Socio-economic segregation is a complex urban issue which needs multifaceted public policy approach. Promoting long-term social mix in rapidly gentrifying areas not to totally deny the access to the more vulnerable and ethnic minorities should be as important policy goal as dealing with the most problematic areas. The link between inner city tenure conversions and gentrification has been quite straightforward in case of Stockholm. Certain parts of both inner cities have seen homogenization processes of high social status instead of social mix. Housing estates play an important role in the housing markets of both cities. Physical restructuring of housing and tenure types in those areas might help to diversify their monotonous look and to balance residential structure. In case of Stockholm, city centre connectivity could also be improved. The living environment in the housing estates should be made more attractive for families. Promoting social networks among local communities would help to build social capital and increase the feeling of security.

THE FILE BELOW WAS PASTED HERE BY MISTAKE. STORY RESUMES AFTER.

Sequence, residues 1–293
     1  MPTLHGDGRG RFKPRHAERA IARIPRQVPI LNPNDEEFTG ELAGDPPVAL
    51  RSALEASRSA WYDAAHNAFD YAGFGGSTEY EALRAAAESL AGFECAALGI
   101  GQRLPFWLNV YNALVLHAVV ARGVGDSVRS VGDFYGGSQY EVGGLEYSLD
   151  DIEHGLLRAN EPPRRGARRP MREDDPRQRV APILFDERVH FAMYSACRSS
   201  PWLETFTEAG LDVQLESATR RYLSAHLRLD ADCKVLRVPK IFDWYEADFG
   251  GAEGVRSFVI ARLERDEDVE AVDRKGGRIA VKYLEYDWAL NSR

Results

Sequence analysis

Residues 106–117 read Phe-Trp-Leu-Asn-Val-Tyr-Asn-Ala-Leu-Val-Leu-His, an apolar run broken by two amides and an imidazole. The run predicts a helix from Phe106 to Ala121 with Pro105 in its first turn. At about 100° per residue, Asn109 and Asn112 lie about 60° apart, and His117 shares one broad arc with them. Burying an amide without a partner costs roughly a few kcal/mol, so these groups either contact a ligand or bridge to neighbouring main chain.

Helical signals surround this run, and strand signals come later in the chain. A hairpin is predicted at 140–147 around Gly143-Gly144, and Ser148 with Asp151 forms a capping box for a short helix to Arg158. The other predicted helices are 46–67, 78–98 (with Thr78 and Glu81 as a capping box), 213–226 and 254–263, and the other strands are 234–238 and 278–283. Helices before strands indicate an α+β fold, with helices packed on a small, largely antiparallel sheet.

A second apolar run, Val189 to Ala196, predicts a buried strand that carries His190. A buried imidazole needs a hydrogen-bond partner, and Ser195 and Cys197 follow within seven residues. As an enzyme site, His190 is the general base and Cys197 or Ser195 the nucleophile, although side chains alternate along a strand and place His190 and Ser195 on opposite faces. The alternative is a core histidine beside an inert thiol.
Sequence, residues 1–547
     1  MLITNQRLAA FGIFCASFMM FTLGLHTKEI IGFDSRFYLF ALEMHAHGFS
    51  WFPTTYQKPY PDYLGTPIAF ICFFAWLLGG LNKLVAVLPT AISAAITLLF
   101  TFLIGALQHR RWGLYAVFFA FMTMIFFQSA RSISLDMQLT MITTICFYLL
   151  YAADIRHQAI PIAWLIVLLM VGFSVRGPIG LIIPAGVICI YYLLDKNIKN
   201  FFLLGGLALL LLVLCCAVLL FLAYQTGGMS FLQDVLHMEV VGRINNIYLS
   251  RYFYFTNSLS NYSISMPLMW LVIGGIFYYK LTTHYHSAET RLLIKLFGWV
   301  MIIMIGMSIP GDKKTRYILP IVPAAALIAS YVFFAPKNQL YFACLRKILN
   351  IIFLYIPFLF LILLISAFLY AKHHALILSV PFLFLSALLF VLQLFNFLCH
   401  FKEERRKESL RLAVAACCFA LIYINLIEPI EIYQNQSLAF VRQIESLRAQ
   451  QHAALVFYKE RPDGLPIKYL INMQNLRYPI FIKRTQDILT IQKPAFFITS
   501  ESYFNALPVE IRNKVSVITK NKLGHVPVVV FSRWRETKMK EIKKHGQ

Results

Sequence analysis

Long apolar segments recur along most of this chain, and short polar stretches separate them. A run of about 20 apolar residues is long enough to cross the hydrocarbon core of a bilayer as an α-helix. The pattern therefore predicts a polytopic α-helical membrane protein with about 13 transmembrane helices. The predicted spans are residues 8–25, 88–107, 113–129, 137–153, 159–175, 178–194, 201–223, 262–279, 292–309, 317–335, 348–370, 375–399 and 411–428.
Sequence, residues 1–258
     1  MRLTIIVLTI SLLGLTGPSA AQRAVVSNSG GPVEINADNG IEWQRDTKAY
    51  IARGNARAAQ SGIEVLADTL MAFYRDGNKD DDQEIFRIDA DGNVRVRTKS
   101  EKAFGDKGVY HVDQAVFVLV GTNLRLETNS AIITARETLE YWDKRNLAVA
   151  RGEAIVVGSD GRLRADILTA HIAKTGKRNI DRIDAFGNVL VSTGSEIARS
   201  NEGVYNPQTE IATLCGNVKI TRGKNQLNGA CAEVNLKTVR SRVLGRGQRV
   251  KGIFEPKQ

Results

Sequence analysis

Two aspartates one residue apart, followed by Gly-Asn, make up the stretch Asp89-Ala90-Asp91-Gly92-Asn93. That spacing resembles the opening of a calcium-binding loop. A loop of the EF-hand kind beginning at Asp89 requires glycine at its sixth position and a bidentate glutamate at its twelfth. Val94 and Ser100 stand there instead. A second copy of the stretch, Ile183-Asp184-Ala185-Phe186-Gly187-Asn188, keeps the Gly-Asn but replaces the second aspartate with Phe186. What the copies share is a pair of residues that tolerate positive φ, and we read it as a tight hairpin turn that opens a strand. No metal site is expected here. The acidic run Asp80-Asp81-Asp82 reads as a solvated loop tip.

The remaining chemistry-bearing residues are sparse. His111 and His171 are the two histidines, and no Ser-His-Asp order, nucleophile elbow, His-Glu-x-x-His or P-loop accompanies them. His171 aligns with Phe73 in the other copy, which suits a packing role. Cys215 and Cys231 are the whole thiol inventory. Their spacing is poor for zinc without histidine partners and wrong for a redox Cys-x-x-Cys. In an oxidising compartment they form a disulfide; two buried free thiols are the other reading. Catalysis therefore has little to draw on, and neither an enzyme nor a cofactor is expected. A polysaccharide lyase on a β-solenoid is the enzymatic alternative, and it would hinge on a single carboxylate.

The project has substantially added to the existing knowledge on segregation patterns and mechanisms in capital cities, and on understanding neighbourhood processes in terms of flows and driving factors, especially in a comparative perspective. Building on this extensive knowledge it is possible to make good strategic choices on how to tackle segregation, and promote socially sustainable communities in urban neighbourhoods. Only when applying mixed measures, keeping the focus on the whole urban region, can hopefully help to stabilize the downward spiral in some risky neighbourhoods. Throughout the project the results were disseminated to practitioners and discussed with them, and the outputs were also communicated to the wider public which has provoked a considerable debate. Through the dissemination activities also the awareness of Marie Curie Actions was increased.

Reported by

UPPSALA UNIVERSITET
Sweden